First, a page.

Octopus Salad with Potatoes and Green Beans
When octopus is slowly simmered, it becomes delicate and tender. Tossed in a salad with potatoes and green beans, then dressed with garlic and parsley, it makes for a very lovely and satisfying dish.
Salmon Sashimi with Ginger and Hot Sesame Oil
Tim Cushman is a master at preparing raw fish. Here he dresses salmon with a little citrus-soy dressing, then tops it with fresh ginger and chives before bathing it in a hot sesame-oil mixture. The heat from the oil cooks the salmon just slightly, creating a luxurious texture and fragrance.
Sea Bass Fillets with Parsley Sauce
Bob Chambers, a private chef and former F&W staffer, created this delectable butter-fried sea bass with an easy, lemony sauce.
Thai Crab-and-Green-Mango Salad
To create completely satisfying dishes, Thai cooks aim for a mix of sweet, salty, sour and bitter flavors. In his salad, chef Laurent Tourondel achieves that alluring combination by tossing tart green mango with cucumbers, a myriad of fresh herbs, a vibrant Thai dressing and plenty of delicate, sweet crabmeat.
Mofongo with Shrimp
While shooting his Food Network show, Diners, Drive-Ins and Dives, Guy Fieri stopped in Miami to try mofongo, a Puerta Rican comfort food. The dish is served with chicken broth on the side or topped with meat or seafood, like the sautéed here.
Bacon-Wrapped Shrimp with Passion Fruit Mustard
Jean-Georges Vongerichten planned to punch up his shrimp with a simple mustard sauce, but the spectacular passion fruits on Bora Bora gave his sauce a tangy kick. Store-bought passion fruit juice also works well.
Stuffed Whole Wild Salmon
Whole fish are usually less expensive than fillets, and the presentation is more impressive. Chef Tim Love generally opts for wild salmon, which has a more delicate flavor than farm-raised. Cooking an eight-pound fish might sound intimidating, he acknowledges, but it's surprisingly fast and simple—though filleting the salmon can require some finesse.
Pasta with Salmon Caviar
Juicy salmon eggs add a delicate crunch to this luxurious pasta dish. If you prefer a more subtle fish flavor, substitute trout roe and smoked trout for the salmon roe and smoked salmon.
Steamed Wild Striped Bass with Ginger and Scallions
Steamed fish may sound plain, but this version is packed with flavor: It's cooked in a ginger-and-sesame soy sauce and topped with frizzled jalapeños and scallions. "I think part of the reason people love this dish is that the sauce is a really good vehicle for rice," Andrea Reusing says.
Clams the Sailor's Way
It's not uncommon in Galicia to have a meal that consists of lots of different shellfish, bread and nothing else. Encarna Méndez prepares clams the fisherman's way: steamed in Albariño with onion and garlic.
Fragrant Gigante Beans with Garlic Confit and Mussels
Mussels are lean, but the huge hunks of bread and french fries they're usually served with are very caloric. Chef Michael Psilakis cleverly serves his mussels with fiber-rich beans instead to sop up the delicious juices.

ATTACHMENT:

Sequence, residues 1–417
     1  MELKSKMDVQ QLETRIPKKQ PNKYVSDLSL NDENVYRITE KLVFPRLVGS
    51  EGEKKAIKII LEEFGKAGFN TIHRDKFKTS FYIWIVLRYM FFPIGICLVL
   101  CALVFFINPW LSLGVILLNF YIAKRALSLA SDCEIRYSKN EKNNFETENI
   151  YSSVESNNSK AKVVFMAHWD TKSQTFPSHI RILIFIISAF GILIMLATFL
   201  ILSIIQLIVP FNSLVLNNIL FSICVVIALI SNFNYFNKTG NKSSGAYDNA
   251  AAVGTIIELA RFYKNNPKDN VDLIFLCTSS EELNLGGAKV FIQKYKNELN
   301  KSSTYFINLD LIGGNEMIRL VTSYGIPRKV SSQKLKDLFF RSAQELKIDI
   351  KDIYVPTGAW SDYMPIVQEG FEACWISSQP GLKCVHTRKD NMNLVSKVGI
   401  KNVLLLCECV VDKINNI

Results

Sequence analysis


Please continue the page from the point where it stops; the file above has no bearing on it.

Salt-Crusted Snapper with Eggplant-Raisin Puree
Top Chef Season 6 winner Michael Voltaggio says fish in a salt crust is sexy.
Creamy Oyster Stew with Fennel and Brown Bread Toasts
Instead of serving this luxurious stew with oyster crackers, Jeremy Sewall brushes brown bread with rosemary butter, toasts it until crisp and dunks a piece in each bowl.
Smoked fish—already cooked and intensely flavorfu—is an ideal addition to dishes when time is of the essence. We've used trout here, but another flaky fish, such as haddock or whitefish, would work just as well.
Langoustines alla Busara
Venice-based blogger Skye McAlpine loves the delicate flavor of langoustines, but to her the real magic of the dish is the superflavorful tomato sauce in which they simmer. Be sure to have plenty of crusty bread on hand to soak up the sauce.
Butter-Poached Lobster Rolls with Spicy Sauce
Chef Geoffrey Zakarian makes the most decadent lobster rolls. First he boils the lobsters, then he poaches the meat in butter. To balance all of that richness, he tops the rolls with a spicy mustard mayo.
Food & Wine’s Justin Chapple makes his zippy cioppino with shrimp, squid, mussels and cod, then, to give it a lively Korean twist, he also includes tofu and gochujang (Korean red pepper paste).
Pike Quenelles in Crayfish Sauce
Chef Jamie Malone of Grand Cafe in Minneapolis, MN takes this traditional old-school dish French dish and Americanizes it with walleye and crayfish. Making the lobster stock from scratch ensures a rich sauce.
Maine-Style Lobster Rolls
Mary-Frances Heck refers to these lobster rolls as “knuckle sandwiches” because they showcase the knuckles—the segments that connect the claws to the carapace—which are the sweetest, most tender meat on a lobster. Dressed simply with mayo, the cold salad sits in a hot, buttered bun. Her tip for tackling the admittedly tedious work of cracking the shells? Do it with a friend and a cold beer.
This traditional Parsi dish gives crispy fish an extra hit of flavor thanks to a coating of green chutney.